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  • Two classic features of Wolff-Parkinson-White (WPW) pattern on ECG are short PR interval and wide, slurred QRS complex due to manifest preexcitation (delta wave).

  • Most patients with WPW pattern do not have clinical history of arrhythmia but have a higher risk of sudden cardiac death due to rapidly conducted atrial fibrillation through the accessory pathway. Risk factors include age younger than 20, history of tachycardia, and rapid conduction properties at electrophysiologic testing.


Accessory pathways or bypass tracts between the atrium and the ventricle bypass the compact AV node and can predispose to reentrant arrhythmias, such as AVRT and atrial fibrillation. These may be wholly or partly within the node (eg, Mahaim fibers), yielding a short PR interval and normal QRS morphology (eFigure 10–61). More commonly, they make direct connections between the atrium and ventricle through Kent bundles (eFigure 10–62). When direct AV connections conduct antegrade (manifest preexcitation) they produce a classic WPW pattern on the baseline ECG consisting of a short PR interval and a wide, slurred QRS complex (delta wave) owing to early ventricular depolarization of the region adjacent to the pathway. Although the morphology and polarity of the delta wave can suggest the location of the pathway, mapping by intracardiac recordings is required for precise anatomic localization.

eFigure 10–61.

Short PR. Normal P wave with PR interval < 0.12 sec. A 31-year-old woman came to the emergency department following an episode of syncope consistent with vasovagal type. She has no history of palpitation or documented tachycardia. Her previous ECG had similar pattern. The possible etiologies of short PR interval are rapid conduction in an anatomically normal AV node, conduction through fast pathway, paranodal fiber, conduction bypasses most or all of the AV node, and small, underdeveloped AV node. Lown-Ganong-Levine syndrome includes (1) PR interval < 0.12 second, (2) normal P wave, (3) normal QRS duration, and (4) documented paroxysmal supraventricular tachycardia.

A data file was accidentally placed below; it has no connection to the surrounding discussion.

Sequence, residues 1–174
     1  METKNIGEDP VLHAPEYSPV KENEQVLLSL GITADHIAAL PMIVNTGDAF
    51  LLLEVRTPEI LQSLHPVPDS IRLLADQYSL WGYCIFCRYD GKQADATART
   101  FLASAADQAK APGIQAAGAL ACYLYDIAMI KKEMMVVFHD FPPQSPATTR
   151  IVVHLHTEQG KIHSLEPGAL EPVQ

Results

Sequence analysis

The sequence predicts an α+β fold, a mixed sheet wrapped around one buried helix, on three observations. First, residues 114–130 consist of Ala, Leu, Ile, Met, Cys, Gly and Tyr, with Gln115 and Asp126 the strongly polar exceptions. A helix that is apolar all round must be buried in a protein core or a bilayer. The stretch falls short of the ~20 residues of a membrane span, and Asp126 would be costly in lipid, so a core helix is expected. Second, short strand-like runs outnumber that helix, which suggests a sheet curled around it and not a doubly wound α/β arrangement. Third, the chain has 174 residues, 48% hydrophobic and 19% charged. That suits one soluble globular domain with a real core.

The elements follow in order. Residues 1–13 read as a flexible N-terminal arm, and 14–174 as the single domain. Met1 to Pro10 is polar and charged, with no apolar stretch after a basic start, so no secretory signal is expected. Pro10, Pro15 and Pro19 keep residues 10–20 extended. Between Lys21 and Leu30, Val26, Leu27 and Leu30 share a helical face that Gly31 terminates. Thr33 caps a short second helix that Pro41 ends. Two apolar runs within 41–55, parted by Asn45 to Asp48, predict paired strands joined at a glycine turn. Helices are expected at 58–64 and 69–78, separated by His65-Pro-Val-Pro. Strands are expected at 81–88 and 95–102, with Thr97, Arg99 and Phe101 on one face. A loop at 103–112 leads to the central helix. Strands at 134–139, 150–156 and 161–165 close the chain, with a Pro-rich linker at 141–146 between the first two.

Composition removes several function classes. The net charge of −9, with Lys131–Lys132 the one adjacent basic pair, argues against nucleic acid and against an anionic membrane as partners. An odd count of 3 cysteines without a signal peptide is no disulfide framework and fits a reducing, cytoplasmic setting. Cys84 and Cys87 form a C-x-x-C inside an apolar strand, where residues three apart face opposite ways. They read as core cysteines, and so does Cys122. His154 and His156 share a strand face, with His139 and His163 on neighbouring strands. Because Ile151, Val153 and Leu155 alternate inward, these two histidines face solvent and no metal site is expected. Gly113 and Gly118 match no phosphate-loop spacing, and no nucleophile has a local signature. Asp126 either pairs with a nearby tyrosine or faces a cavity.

eFigure 10–62.

A: ECG at initial preparticipation physical evaluation (preablation) demonstrates a WPW pattern. Red arrows identify the characteristic delta wave and short PR interval. B: Postablation ECG. WPW pattern has been extinguished. Note the absence of a delta wave and normalization of the PR interval. New T-wave inversion in the inferior leads is a result of the ablation therapy that typically resolves over time. ECG, electrocardiogram; WPW, Wolff-Parkinson-White. (Reproduced with permission from Rao AL, Salerno JC, Asif IM et al. Evaluation and management of Wolff-Parkinson-White in athletes. Sports Health. 2014;6(4):326–32.)

Accessory pathways occur in 0.1–0.3% of the population and facilitate reentrant arrhythmias owing to the disparity in refractory periods of the AV node and accessory pathway. WPW syndrome refers to a ...

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